Dawn Page retains chairmanship of Richmond School Board

Ronald E. Carrington | 1/11/2019, 6 a.m.
Dawn Page, the 8th District representative on the Richmond School Board, narrowly kept her role as board chair in a ...
Superintendent Jason Kamras is flanked by the Richmond School Board’s newly elected vice chair, Liz Doerr, 1st District, left, and Dawn Page, 8th District, who was re-elected as chair on a close 5-4 vote at Monday night’s board meeting. Photo by Sandra Sellars Richmond Free Press

Dawn Page, the 8th District representative on the Richmond School Board, narrowly kept her role as board chair in a close vote Monday night.

During the board’s first meeting of 2019, Ms. Page retained her leadership role, squeaking by with a 5-4 vote.

In a push for new leadership, several board members supported challenger Patrick Sapini, 5th District, the board’s vice chair.

The deciding vote was cast by board member Scott Barlow, 2nd District, who was in Washington, D.C., and participated in the meeting via phone.

After winning re-election as chair, Ms. Page said, “Whether you were in the minority or the majority, we are still a team of one. We represent nine districts, but we are a team of one.”

Ms. Page served as chair of the board in 2012, during her first tenure. She was re-elected to the School Board in 2016 and has served as chair since then.

An undercurrent of no confidence in Ms. Page’s leadership became apparent when board member Kenya Gibson, 3rd District, nominated Mr. Sapini. He was supported by members Jonathan Young, 4th District, and Felicia Cosby, 6th District.

“The vote for Dr. Sapini signaled that a group of us are less concerned with pleasantries, orthodoxy, and going slow, but rather want to introduce the kind of radical change that our students, teachers and taxpayers deserve,” Mr. Young explained in an email to the Free Press.

“We lit our hair on fire in 2018 in turning things upside down. But for the New Year, we know that we can do even more in concert with (Superintendent) Jason Kamras if a majority of the board loosens the guardrails.”

Ultimately, the board voted in new blood for the vice president. On a separate 6-3 vote, Mr. Sapini was replaced in that role by Liz Doerr, 1st District. Mr. Sapini, Ms. Gibson and Ms. Cosby cast the dissenting votes.

“I’m honored to have been nominated and voted for RPS Board vice chair by my colleagues,” Ms. Doerr said in a statement emailed to the Free Press. “I’m looking forward to using this role to further advocate for kids in RPS. For me, it’s not about who is in charge; it’s what we do that matters.”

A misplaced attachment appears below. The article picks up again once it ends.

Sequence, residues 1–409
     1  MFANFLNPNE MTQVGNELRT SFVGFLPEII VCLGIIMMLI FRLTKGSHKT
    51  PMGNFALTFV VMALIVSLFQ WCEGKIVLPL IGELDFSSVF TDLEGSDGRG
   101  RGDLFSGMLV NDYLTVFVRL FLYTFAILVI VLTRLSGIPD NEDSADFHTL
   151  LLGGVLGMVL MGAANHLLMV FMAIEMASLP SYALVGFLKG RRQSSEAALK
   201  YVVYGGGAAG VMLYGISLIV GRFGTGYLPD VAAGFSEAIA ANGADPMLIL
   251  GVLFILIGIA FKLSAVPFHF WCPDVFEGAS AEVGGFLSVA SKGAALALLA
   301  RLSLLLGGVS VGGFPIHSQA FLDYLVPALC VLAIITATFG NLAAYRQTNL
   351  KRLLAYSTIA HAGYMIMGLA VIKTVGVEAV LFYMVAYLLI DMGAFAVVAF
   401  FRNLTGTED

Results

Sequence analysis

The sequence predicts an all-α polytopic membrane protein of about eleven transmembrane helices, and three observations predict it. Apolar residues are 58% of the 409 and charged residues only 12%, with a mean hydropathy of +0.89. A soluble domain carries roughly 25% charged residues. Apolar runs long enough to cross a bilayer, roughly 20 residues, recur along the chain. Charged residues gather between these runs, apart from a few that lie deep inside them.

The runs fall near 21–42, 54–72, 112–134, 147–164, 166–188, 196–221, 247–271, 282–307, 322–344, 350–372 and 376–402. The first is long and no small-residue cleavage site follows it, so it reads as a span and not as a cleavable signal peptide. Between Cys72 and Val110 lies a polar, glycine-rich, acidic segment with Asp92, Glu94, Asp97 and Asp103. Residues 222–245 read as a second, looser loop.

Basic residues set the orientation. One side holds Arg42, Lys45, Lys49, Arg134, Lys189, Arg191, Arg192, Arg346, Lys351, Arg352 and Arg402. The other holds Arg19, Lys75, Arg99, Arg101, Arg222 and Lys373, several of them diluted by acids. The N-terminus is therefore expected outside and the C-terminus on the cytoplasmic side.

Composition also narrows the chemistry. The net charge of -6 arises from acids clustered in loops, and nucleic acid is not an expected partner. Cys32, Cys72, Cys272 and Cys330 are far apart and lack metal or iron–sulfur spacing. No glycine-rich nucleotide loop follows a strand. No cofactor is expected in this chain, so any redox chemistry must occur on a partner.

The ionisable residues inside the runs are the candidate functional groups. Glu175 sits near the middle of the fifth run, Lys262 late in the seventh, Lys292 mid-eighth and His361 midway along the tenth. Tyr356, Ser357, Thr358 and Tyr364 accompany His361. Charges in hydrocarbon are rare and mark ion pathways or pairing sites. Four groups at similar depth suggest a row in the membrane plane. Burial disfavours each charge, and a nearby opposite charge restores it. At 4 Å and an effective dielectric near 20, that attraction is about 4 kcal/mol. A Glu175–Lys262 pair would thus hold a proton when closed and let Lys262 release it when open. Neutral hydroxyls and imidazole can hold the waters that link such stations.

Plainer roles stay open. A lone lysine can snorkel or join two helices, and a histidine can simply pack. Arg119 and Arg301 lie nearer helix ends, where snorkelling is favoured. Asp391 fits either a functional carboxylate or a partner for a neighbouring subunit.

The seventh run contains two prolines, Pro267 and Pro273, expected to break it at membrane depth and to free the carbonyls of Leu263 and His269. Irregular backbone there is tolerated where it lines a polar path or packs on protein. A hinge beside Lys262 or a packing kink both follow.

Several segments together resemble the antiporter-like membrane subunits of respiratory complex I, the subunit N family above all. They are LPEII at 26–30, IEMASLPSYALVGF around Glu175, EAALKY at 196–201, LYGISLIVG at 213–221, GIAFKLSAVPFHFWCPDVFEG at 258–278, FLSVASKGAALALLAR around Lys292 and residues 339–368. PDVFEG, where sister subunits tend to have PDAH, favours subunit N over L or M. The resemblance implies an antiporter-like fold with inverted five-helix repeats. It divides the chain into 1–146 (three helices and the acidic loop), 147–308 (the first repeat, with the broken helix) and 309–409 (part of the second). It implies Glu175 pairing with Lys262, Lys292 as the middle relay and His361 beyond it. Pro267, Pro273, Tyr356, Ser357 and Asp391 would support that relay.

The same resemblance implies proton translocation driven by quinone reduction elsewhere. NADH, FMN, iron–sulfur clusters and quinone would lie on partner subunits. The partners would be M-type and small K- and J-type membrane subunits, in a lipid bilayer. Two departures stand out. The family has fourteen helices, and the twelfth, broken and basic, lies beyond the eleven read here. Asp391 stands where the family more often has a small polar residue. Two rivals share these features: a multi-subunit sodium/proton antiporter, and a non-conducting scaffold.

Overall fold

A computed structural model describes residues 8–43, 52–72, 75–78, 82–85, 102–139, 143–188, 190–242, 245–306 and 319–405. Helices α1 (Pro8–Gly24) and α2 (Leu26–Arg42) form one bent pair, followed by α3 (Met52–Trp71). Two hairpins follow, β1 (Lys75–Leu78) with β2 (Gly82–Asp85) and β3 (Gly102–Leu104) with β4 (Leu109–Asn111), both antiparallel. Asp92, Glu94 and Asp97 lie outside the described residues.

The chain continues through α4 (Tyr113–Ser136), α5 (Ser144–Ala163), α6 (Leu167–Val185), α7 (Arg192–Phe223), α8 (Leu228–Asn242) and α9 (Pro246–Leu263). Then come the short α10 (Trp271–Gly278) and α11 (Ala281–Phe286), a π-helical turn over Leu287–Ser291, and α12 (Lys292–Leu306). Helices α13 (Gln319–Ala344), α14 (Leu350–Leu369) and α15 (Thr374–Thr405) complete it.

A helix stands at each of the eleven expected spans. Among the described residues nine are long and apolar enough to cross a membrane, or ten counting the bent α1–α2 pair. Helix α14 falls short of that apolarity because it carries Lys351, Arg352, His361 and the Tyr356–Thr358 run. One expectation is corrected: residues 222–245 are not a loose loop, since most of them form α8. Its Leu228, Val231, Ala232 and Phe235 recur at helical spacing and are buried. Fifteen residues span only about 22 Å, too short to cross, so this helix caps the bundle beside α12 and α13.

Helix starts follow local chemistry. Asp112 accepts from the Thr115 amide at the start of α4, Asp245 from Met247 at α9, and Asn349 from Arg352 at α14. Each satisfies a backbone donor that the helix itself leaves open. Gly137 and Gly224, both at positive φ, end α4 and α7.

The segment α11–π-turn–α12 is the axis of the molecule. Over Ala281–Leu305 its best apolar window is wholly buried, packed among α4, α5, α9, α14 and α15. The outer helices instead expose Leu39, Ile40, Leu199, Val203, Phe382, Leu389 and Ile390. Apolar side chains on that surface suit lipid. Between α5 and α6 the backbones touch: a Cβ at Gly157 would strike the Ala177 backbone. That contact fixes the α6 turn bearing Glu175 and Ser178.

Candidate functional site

Ms. Doerr is known as a fiscal hawk and has been prudent in how the board spends dollars associated with classroom priorities.

In other matters, the board retroactively approved a small set of courses allowing students who took those classes to receive credit on their transcripts. The action comes as the board and Richmond Public Schools officials work to address the widespread problems found in student transcripts during an audit by the Virginia Department of Education.

The audit, released in November, found that some students were taking classes not approved by the School Board, as required by the state; course and credit requirements were added by RPS specialty schools; and that the policy on credit for honors and International Baccalaureate courses was not clearly stated.

More than 1,000 students taking unapproved classes — courses developed in the district rather than by the state — are likely to have their GPAs and class rank changed, as school and state officials analyze each transcript.

“For VDOE approval of the past courses, RPS had to find original copies of documents related to the classes, such as a syllabus, curriculum or a description of the course,” Dr. Tracy Epp, RPS’ chief academic officer, informed the board. “Those documents also had to have the specific dates for the class.”

Meanwhile, the RPS superintendent has a fully staffed leadership team.

Jennifer Bramble started Monday as the school district’s chief talent officer, overseeing the district’s human resources.

RPS has been plagued by a high number of teacher vacancies. Richmond’s teacher retention rate ranks below the national average, while salaries also rank below the national average of nearly $59,000.

The average pay for RPS teachers is $55,213 for elementary school teachers, $57,984 for middle school teachers and $57,825 for high school teachers.

Ms. Bramble, a certified executive coach who was vice president of human resources at Community Health Accreditation Partner in Washington, holds a bachelor’s degree in business management and a master’s in public administration from Washington Adventist University. In Richmond, her annual salary will be $180,547.